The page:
is a collection of 3210 words that are troublesome to readers and writers. Words are grouped according to the way they are most often confused or misused.
"The old, mean man" vs. "The mean old man."
Here's an aspect of English (and other languages) I've never thought of before. If you're using a string of adjectives, there's a natural order for them to appear in: "opinion :: size :: age :: shape :: color :: origin :: material :: purpose". (Although I find "old, mean," due to it's strange order, sort of striking.) [more info: 1
Jedi (n) and Klingon (n)
will now be listed in the Oxford English Dictionary. As will Ass-Backward.
Given MetaFilter's interest in grammar
this seems worth noting. How the editors decided that "Jedi" is worth inclusion but "Stormtrooper" is not is a conversation I would have loved to have heard. Naturally, people complaining about such inclusions ain't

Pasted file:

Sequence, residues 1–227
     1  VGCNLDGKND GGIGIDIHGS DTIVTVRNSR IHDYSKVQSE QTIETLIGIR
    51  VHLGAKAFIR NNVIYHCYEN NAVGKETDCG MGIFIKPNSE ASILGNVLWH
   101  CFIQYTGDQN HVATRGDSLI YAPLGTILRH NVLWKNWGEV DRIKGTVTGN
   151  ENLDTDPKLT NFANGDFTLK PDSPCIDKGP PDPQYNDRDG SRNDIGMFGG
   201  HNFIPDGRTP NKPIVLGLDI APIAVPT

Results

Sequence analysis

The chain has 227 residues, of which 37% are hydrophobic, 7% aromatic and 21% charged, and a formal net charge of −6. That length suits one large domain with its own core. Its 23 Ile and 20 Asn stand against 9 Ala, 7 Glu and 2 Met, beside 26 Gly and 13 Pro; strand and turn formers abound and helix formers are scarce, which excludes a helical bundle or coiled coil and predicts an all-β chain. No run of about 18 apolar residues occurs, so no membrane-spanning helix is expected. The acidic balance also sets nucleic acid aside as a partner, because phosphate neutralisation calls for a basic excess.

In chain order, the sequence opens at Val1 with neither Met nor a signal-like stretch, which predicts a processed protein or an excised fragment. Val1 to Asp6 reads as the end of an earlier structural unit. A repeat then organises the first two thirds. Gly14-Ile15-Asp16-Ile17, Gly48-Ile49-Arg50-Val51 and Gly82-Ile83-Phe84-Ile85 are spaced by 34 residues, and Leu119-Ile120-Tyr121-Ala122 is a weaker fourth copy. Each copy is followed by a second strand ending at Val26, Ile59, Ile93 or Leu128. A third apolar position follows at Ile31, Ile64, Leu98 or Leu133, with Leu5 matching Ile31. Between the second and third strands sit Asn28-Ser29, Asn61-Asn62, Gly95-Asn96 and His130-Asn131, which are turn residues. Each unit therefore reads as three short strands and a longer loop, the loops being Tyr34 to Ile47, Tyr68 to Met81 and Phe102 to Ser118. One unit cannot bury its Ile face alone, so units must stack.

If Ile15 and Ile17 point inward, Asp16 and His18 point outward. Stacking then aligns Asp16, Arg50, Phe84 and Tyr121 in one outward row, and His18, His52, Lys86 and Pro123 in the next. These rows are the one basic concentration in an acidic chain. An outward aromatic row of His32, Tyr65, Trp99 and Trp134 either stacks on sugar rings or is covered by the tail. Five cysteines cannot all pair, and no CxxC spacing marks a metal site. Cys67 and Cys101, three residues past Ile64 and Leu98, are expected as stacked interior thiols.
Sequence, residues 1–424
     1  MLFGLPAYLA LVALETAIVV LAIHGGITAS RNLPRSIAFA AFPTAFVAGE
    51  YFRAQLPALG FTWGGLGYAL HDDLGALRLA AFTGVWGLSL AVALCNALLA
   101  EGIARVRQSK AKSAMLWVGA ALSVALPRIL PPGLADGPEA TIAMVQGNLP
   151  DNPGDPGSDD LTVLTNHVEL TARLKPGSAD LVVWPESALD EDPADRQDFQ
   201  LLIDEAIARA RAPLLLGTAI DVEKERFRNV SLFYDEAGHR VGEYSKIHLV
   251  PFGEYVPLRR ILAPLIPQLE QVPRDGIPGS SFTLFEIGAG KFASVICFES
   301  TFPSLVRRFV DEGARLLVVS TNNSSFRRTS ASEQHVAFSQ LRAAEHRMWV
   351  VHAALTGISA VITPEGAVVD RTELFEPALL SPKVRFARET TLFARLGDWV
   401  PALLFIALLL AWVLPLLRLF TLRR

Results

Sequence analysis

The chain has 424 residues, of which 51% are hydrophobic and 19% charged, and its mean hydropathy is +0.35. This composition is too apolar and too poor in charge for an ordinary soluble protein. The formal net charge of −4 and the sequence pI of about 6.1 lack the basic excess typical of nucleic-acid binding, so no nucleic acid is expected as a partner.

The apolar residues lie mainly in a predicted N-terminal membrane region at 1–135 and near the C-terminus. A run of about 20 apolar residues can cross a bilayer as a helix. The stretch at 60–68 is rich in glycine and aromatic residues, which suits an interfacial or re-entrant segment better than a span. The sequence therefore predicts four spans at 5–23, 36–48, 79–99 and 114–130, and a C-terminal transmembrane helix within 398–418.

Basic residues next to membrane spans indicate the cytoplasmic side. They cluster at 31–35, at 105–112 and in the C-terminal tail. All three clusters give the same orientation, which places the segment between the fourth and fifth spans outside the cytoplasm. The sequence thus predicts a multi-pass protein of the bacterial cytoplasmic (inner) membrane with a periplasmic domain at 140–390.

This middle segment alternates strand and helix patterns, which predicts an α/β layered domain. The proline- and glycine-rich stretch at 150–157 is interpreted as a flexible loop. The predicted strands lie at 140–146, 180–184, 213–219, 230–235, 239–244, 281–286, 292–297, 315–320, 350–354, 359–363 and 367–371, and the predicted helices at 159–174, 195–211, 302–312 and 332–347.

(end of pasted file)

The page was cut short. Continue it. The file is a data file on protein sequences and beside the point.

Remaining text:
new. However, when words are removed from the same dictionary it's hardly noticed.
Clearly unused words go away, so why do people make a stink about this year after year? Slow news cycles? Or is it an extension of the Prescriptivist - Descriptivist Argument
with the Prescripts making a push for the "hearts and minds" of the public?
Did anyone else learn this when they were a kid? Brings back memories -- a place for every word, and every word in its place. Fascinating for grammar nuts. The guy diagrams famous sentences -- even the opening sentence of the Declaration of Independence
. (Happy Fourth!)
Adverbs make you hot and bothered? Try Tham's Sexed-Up Grammar Guide